How one Irish firm raised millions

How one Irish company raised millions from investors and plans to take on the world by gathering data. 

For most new firms, just getting through your first couple of years in business and trying to turn a profit is a big enough challenge, never mind raising millions of dollars in investment and rapidly embarking on a global expansion. Remarkably, Dublin-based firm Boxever has done just that.

Since starting in 2011, the company’s software offering – a platform which allows airlines to harvest customer data and target their services at them in a more personalised and efficient manner – has proven popular with some of the biggest names in the aviation business. The firm counts Aer Lingus and Emirates as just two of its clients.

A fistful of dollars

After raising $6 million in 2014, Boxever recently raised a further $12 million in funding from venture capitalists Polaris Partners and Frontline Ventures. Where does an Irish startup go to find that kind of money? “The investment climate stateside is somewhat more favourable than in Ireland, where it can be more of a challenge to raise capital,” explains Dave O’Flanagan, Boxever co-founder and CEO. “We started fundraising in Q3 of 2015, and found that this investment round was relatively easy. Our earlier investors really believe in the product and our team, as well as the market opportunity — there’s a definite appetite for investment in the data science space. Companies have been collecting data on their customers for years and are finally trying to find strategic ways to use it to support both their marketing and customer service efforts.”

Hire the right people

Boxever has grown rapidly in a relatively short period of time. Many entrepreneurs might struggle with managing such levels of growth so early into their venture. O’Flanagan puts his success at overcoming this problem down to his hiring strategy. “Over everything else, hiring great people is the key to our successful growth. Boxever has doubled in size year over year, and having a passionate, driven team has been integral to our success.”

The company intends to create 100 new jobs in its Dublin office. The roles will be primarily for data scientists and software engineers, who will join the existing workforce of 60. “Our people are excited to come to work, and whether they’re building the core product, dealing directly with customers or supporting other areas of our operation, everyone is innovating day to day.”


Going global

World domination requires more than just the right team, however. You’ve also got to have the right product. “Whether going global or experiencing rapid growth domestically, it all comes back to having the right team and the right product. To us, that means two things: building a team of dedicated people who believe in the vision and creating a product that delivers real value to our customers.”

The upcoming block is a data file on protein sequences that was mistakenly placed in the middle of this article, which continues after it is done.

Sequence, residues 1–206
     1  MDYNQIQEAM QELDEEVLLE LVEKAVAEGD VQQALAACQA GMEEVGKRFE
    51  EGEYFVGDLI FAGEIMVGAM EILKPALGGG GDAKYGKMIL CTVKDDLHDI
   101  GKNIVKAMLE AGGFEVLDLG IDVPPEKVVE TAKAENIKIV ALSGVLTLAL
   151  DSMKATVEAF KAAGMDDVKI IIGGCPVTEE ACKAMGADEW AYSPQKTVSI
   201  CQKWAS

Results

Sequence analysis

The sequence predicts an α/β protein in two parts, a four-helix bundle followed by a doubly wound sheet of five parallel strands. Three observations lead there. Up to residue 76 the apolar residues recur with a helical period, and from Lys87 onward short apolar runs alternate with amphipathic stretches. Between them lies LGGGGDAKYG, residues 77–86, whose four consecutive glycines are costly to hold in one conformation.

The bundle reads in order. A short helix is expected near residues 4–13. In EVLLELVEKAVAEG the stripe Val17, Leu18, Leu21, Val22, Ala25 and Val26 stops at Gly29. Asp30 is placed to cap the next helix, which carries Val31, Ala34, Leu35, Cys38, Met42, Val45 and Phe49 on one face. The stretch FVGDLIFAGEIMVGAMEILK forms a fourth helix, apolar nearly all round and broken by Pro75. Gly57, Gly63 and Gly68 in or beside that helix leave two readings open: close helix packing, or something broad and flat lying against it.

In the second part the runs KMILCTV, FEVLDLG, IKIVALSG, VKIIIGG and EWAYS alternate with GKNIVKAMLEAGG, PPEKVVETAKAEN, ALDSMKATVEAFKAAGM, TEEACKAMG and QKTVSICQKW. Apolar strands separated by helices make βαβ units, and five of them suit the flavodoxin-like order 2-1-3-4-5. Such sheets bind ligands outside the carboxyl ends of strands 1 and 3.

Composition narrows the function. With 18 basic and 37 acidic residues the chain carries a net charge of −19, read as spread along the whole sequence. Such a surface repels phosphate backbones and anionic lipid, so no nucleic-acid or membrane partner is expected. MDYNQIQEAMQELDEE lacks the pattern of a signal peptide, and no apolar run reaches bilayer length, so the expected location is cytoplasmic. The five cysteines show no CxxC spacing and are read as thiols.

The right product in Boxever’s case is its data platform which is changing the way travel providers interact with their clients. In terms of international expansion, O’Flanagan notes that its product offering – aimed at airlines and travel agencies – operates in an inherently global marketplace, but adds, “I think we’re fortunate with customers internationally because we’re solving a universal problem —the inability to understand individual customer needs.”

Getting bigger

Not content with the success his company is already enjoying, O’Flanagan is already zoning in on fresh clients, more staff and new ways to expand Boxever’s influence even further afield. “Scaling and innovating will be our key focus areas. We’ll continue to expand internationally and hire across the globe to increase our capacity and reach”, he says. “At the same time, we’re looking for new opportunities and ways we can help travel providers better service their customers. Over the coming year, we’ll be helping another 20+ customers understand, leverage and ultimately activate their data.”

All about the data

Data is the key piece to this story, and something all business owners should take note of. The ability to really know your customer, from their ‘likes’ on Facebook right down to the novel they just ordered on Amazon, has perhaps been one of the most significant retail advances of the digital age. Making the most of this data can be the difference between the big success stories and the also-rans.

“Data science will continue to grow exponentially, and it’s fast becoming a must have, not just a nice to have, for doing business today. The digital footprint of individuals is getting larger every day and companies looking to succeed will find ways to better leverage all that data,” says O’Flanagan.

“And this isn’t just for airlines,” adds O’Flanagan. “Creating better customer interactions using data is industry agnostic.”